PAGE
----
Mulberry Finally Finds a Chief Executive Officer
One year. Twelve months. That's what the U.K. company has taken to find a replacement for Bruno Guillon.
It is very obvious for the luxury industry that Mulberry has serious problems. It is almost inconceivable that such a company lasts a year to find a substitute for the CEO, the most important position of the company with the creative director. To make matters worse, the substitute had been in the house since last year. Thierry Andretta, which is the name of the new CEO, was appointed independent director of Mulberry in June 2014.
The U.K. company has tracked the market for a candidate, a fruitless search so far (we do not know if it has been the lack of interest of potential candidates because of the category of the challenge or because the company was firm focused on finding a new creative director (Johnny Coca was named as such in November).
In any case, it has preferred someone from inside, that besides his knowledge of Mulberry can demonstrate a broad curriculum in the luxury industry. Among other companies he has worked for Moschino, LVMH and Buccellati, where he was also CEO.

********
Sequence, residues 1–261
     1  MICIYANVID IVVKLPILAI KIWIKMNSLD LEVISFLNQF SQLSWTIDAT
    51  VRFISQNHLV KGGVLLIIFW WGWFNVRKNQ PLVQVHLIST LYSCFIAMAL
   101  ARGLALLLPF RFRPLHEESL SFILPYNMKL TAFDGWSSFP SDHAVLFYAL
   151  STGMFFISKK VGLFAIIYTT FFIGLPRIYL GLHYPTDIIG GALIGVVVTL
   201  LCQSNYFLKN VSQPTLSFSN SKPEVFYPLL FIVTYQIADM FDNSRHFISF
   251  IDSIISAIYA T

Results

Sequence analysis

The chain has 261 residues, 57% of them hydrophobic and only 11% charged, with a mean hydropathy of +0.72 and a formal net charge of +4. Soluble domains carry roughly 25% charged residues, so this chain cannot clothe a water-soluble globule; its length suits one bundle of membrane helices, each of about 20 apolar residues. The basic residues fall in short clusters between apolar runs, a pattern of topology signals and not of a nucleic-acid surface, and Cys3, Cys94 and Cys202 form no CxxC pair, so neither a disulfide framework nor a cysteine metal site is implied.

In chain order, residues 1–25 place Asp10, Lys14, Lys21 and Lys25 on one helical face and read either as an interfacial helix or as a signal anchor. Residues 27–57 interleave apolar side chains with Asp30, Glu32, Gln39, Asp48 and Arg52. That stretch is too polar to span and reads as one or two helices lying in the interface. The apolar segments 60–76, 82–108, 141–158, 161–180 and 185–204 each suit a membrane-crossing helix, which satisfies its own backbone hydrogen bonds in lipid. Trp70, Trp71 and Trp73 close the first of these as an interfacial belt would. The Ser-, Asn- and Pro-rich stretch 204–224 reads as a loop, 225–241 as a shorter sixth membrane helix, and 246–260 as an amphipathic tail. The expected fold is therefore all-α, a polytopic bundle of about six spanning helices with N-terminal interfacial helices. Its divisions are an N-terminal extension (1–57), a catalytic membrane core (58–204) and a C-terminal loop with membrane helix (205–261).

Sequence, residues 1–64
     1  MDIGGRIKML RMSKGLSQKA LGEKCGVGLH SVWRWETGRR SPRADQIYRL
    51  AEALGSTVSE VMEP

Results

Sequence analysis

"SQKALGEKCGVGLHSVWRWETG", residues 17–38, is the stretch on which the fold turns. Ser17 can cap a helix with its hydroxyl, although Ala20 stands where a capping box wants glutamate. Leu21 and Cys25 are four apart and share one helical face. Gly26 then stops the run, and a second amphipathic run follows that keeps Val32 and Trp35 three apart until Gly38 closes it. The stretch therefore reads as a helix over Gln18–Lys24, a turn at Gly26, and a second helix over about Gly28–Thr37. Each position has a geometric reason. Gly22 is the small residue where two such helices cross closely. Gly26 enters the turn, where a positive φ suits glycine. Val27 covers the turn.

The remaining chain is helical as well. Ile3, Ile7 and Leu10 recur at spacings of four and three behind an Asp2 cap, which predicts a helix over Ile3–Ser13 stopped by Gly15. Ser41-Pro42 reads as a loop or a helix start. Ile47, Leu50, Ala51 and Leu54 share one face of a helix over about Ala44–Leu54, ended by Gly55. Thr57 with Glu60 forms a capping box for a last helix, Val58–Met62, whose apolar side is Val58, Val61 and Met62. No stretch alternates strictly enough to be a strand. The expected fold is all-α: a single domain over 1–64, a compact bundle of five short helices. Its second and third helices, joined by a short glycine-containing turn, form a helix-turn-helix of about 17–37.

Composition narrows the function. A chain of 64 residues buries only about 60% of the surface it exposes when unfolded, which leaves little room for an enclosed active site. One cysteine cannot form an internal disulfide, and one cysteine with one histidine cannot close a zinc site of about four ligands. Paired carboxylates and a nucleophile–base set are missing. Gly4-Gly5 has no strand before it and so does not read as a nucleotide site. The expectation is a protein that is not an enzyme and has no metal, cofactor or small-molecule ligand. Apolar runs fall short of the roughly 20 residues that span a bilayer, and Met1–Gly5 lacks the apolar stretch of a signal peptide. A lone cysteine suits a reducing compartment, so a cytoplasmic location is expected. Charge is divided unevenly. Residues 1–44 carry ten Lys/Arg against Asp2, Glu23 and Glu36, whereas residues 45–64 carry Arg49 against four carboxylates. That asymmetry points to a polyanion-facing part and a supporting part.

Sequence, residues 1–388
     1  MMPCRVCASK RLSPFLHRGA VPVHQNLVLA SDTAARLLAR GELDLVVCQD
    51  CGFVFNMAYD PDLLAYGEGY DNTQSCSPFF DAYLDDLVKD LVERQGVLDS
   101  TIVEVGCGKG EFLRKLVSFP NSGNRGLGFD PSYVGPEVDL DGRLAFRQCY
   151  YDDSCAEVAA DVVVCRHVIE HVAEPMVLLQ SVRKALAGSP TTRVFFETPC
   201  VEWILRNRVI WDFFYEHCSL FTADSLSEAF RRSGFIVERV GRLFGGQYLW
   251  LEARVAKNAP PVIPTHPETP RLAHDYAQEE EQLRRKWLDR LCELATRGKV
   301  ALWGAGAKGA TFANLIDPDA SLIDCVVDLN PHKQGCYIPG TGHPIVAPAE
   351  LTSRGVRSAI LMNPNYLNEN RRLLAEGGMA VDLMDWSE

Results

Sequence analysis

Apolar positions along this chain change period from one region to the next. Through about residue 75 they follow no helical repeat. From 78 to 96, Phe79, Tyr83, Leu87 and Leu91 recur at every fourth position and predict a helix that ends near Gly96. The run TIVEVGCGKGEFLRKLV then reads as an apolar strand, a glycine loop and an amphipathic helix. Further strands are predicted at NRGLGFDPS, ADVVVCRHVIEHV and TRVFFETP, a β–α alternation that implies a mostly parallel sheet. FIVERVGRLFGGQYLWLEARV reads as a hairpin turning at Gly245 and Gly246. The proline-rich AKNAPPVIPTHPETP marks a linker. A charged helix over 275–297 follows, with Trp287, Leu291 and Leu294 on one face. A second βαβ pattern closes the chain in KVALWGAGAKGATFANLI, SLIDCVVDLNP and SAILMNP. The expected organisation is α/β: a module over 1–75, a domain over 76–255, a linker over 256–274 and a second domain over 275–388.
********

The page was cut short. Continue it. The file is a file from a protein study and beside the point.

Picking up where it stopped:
From now on, the new team must define its own strategy to boost sales. What we can rule out is what was made by the previous CEO (and that cost him the job): try to raise the profile of the company to the top luxury segment. Buyers do not seem willing to pay more for its products, an effort that has resulted in recent years a real romp in the results of Mulberry, even posting losses in the last fiscal quarter.
Currently its shares are traded at 860 pence on the London Stock Exchange, far from the 2,500 it reached in 2012. In addition, the market consensus gives a target price of just 740 pence, well below its current market value. However, there are reasons for optimism: their shares are up 30% from its lows in October, just before the appointment of the new creative director. And since late last year, positive reviews from analysts have dominated on the negative.
All recommendations I know are to maintain (not sell), suggesting that experts are waiting for the good that can come in the future.
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